Cheers, Ian

  2. Sarkozy you moron! You’re going to f__k the ESA up like the pollies have done to NASA!

  3. Sarkozy is a politician. What do you expect! Controlling the ESA is just another agency that will enhance his ego-driven position of power. The world scientific community needs less government influence, not more. Science projects represent way to much “pork opportunity” for the bureaucrat. There is too much tax money spent because of political stupidity.

  4. “Ian O’Neill Says:
    July 1st, 2008 at 7:18 pm ”

    That is true – politics has motivated the majority of technological leaps in space-faring (not to mention providing the overwhelming motivation for those initial steps into space).

    The thing is, the ESA just seems to pick excellent bang-for-the-buck missions with fantastic science return for an eighth of the price – they punch above their weight in almost every mission they approve! Now I’m not saying that NASA doesn’t achieve these things too – merely that, for poor old NASA, funding and funding decisions seem to change every year purely on political whimsy, which seriously hurts the agency.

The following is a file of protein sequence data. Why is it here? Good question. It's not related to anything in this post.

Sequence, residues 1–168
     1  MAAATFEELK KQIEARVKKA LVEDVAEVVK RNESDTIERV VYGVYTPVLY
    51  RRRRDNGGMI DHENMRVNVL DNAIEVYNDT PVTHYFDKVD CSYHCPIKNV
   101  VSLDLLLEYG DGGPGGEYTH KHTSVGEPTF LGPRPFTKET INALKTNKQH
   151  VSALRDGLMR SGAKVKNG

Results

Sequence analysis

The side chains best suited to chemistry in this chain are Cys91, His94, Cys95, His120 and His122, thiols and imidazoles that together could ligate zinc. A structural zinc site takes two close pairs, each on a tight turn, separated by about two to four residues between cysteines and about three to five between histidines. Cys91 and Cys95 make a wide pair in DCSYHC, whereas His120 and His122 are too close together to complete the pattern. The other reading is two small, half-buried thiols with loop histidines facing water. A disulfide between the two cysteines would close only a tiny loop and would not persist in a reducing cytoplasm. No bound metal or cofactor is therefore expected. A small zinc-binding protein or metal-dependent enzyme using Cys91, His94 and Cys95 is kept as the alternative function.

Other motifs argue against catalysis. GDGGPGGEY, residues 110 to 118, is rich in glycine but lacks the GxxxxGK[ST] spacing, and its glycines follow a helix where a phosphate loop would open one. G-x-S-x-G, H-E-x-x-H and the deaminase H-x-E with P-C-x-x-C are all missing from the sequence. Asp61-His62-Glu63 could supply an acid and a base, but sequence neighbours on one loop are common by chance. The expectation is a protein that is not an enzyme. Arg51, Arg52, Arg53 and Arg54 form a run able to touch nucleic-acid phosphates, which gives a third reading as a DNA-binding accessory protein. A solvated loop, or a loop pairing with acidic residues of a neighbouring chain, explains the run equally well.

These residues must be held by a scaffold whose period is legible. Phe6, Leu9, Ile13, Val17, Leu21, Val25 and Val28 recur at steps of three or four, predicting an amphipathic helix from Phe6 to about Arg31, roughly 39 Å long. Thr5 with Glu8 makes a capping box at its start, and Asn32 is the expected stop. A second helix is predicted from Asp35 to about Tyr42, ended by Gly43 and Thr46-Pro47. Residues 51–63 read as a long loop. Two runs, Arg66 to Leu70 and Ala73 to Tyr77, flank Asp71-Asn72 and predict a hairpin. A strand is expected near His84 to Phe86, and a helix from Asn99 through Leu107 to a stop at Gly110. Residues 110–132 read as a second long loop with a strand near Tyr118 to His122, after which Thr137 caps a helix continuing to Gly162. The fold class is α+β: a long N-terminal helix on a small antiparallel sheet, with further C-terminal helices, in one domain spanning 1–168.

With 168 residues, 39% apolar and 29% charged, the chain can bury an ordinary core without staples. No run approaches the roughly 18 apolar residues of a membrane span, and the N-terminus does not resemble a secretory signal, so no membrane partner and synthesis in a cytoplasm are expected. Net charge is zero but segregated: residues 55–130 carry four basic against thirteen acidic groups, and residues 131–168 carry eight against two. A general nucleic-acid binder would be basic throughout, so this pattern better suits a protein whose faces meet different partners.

Maybe you’re correct, and a bit of political motivation thrown into the mix may be healthy for the agency and its goals. Lets hope so!

  5. I’m not too keen on that move either. The UE is a big machinery, not every gear of which is too well-oiled; dog forbid giving any more say in science investments to e.g. Polish prez Kaczynski.